The sound of a fork hitting a plate after it has been dropped from a distance of approximately five and three quarter inches (nearly fourteen and a half centimeters) from the hand that previously wielded it, oh so naturally, can be a startling thing. When the fork is one with some weight to it, as you will find is customary at some of the finer eateries, and when the plate is similarly substantial, which again, is the standard at the better joints, the experience is magnified to a level that is not unlike having someone expertly and suddenly make the peacock's piercing call Of "NOW-WAAYAH!" into your left ear. This ridiculously powerful fowl's foul sound, which I am told by a good friend named Archer Martin, who holds a PhD in something or other, is so loud that it regularly causes otherwise genteel folks to curse like seasoned sailors while at the same time, throws any infant within a three mile radius into jags of hysterical crying. 

Archer one day went on to tell me that the daft bird's screech has a "...fundamental at about 700 Hz, with a wavelength of about 40 cm or 15 inches, with heavy overtones going up well over 10Khz, and having a wavelength of about 3 cm or 1 inch." In short, what I'm sure he was getting at, was that it is absolutely ear splitting. The restaraunt had been quiet. This I did not notice until I dropped my nearly burdensome fork. At this moment I was sure that my ears were in some way, damaged. Who knows what notes I would be missing next time I went to the symphony? The fork dropping action was not out of the thin blue air, mind you. It was brought on by a misplaced impetus. Obviously misplaced as if it had been thrown into my world five minutes earlier when the world and all of its brothers were deep in loud discussion, no one would have noticed. The culprit, in this case, was a phrase, which, even now, in the comfort of my home, as safe as the Bank of England, when I think of it being said aloud makes my hair stand on end. The phrase was, "white water rafting." Once allowed out of mouth and into air, this phrase rocked my psyche and nearly brought on a fainting spell. 

The problem with these three words was this, I have experienced this sometimes death cheating, so-called pastime. Our guide‹guide in this instance meaning fellow paid to smell of cheap beer prior to 10 in the a.m. sits in the back of the boat, and when you get to a particularly nasty part of the river, tips the vessel over in order to watch its human contents go every which way into any number of dangers in the immediate surroundings. Our guide, supposedly named Neil (which I have my doubts about to this day since his parents would have certainly named him something of a denser tone, like Bubba or Cleatus) had a habit of saying "See ya!" each time, just as he threw us into the arms of fate. There was something about this practice that was particularly annoying.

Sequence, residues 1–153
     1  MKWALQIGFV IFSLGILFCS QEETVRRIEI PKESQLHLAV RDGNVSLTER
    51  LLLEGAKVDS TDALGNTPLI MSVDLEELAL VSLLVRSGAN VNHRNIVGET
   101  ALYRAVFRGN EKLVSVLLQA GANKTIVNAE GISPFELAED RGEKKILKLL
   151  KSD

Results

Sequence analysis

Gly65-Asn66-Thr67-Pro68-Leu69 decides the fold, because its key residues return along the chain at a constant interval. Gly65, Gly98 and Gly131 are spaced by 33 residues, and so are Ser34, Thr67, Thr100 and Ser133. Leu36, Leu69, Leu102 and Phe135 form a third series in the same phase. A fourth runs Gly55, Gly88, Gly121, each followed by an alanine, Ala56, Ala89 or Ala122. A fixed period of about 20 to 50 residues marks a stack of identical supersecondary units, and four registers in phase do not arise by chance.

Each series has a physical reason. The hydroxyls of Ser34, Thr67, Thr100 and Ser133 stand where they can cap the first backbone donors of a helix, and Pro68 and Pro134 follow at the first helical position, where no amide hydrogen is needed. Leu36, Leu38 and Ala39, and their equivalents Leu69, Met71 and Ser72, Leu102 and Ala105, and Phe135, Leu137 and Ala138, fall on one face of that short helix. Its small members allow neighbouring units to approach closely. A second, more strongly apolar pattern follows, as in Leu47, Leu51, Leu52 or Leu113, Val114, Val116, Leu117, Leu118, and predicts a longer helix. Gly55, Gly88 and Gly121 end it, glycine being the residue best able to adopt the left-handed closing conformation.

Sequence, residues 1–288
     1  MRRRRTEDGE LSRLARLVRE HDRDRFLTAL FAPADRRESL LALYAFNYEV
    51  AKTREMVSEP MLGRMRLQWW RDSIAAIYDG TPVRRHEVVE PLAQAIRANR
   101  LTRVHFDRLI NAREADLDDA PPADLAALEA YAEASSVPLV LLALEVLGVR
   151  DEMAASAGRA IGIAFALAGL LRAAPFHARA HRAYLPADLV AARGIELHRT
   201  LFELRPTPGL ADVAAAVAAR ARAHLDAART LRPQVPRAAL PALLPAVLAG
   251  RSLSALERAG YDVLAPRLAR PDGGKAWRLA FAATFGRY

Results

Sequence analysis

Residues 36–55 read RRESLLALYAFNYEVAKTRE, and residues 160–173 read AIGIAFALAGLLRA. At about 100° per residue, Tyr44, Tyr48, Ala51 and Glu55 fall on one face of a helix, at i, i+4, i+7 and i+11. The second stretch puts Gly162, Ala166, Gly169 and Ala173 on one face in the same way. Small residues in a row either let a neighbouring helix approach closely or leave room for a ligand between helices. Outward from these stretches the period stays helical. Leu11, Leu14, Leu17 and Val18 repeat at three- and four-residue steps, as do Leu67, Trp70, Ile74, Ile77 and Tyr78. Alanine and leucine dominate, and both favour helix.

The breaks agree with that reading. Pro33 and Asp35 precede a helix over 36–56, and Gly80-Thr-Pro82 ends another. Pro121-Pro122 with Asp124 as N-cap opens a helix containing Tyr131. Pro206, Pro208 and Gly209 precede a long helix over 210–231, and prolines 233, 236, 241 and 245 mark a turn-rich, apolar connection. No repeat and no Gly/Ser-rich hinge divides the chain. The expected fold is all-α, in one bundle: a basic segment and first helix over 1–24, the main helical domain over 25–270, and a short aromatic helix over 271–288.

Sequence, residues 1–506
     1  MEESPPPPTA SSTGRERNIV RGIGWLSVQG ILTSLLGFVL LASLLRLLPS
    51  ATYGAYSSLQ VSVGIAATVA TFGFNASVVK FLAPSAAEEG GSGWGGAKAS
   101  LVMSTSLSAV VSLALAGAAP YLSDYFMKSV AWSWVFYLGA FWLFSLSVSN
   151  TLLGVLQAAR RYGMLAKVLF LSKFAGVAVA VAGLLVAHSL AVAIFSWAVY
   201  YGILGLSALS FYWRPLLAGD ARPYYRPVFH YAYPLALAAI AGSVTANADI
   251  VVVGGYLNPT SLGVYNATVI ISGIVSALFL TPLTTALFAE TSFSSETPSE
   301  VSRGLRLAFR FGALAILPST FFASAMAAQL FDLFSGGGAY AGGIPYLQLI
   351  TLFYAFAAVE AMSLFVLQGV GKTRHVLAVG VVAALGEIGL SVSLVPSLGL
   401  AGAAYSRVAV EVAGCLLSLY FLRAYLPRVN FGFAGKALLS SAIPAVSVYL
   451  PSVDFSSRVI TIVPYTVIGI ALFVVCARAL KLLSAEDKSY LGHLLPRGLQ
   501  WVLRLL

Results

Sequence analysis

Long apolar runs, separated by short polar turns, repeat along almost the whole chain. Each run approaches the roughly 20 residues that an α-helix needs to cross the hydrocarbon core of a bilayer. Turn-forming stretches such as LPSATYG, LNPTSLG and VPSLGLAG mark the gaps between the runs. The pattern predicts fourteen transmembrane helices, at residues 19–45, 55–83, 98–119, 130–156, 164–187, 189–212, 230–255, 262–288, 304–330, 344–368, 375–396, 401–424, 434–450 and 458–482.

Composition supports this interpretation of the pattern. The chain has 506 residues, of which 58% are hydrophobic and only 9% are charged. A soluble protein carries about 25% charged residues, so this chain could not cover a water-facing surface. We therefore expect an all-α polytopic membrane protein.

Eventually, I got sick of my life flashing before my eyes every time I got dumped out of the boat and thrown into a boulder or whirlpool or any number of death traps that they line those rivers with. I imagine the boat makers, who must have spent a lot of time and energy making a good raft that wouldn't tip over or sink easily, would have taken this yahoo to task for using their product in such an antithetical way. I seriously considered ringing them up and letting them in on Neil's misuse. But as I played out the scenario in my mind, I saw Neil, pleasantly tanked on cheap brew, basking in the knowledge that his antics were successfully bringing folks to within an inch of their perfectly happy lives. Post phone call I imagine he might have even stepped up his tipping practices. If I am one thing, that thing is sensitive to my fellow man, and imagining Neil increasing the number of humans he caused to be flung ever so near Death's door, (I believe I made it to Death's mailbox once, and Death's carport twice) well, I simply could not make the call and do that misdeed to my brothers and sisters. 

So there I was, a moment after hearing the words, "white water rafting" and consequently, a moment after those words caused me to make a horrible sound with dropped fork onto plate. Every man woman and child in the establishment took a moment out of their day to stare directly at me. If only the fork would have been a nice lightweight little skimmer and the plate would've been made of some paper product, then I would have been spared this torment. Like any good man worth his weight, I offered up an apology loud enough to grace the ears of the diner farthest away. No sense in leaving anyone out. 

At this point my nerves were shot. My waitress, Veronica was alert and knowledgeable about these things and answered the call. Within moments I was finishing the scotch and soda that she brought as remedy. This lovely beverage reinstated my will and stiffened my spine just enough to lean over with pardon at the ready, and inform my fellow diners who uttered those horrific words to the ugly truth behind them. The looks I received from that table might have been taken for disinterest by the untrained eye, but I am sure that the deed I had done by pulling the faux visage of fun and joy from the true face of impending horror, was very, very welcomed. By this time, my good deed coupled with my now second glass of rejuvenation via lifesaver Veronica, had me in fine form and ready for the world at large, once again. It's hard to believe that my lunch date and I were only on our salad. Ah, the world and all of its unending loveliness! To think that pork chops were yet to come gave a fellow the warmest of feelings. 

—Olie Sylvester 
Baron, International Oom Paul Society of Non-Typicals

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AuthorOlie Sylvester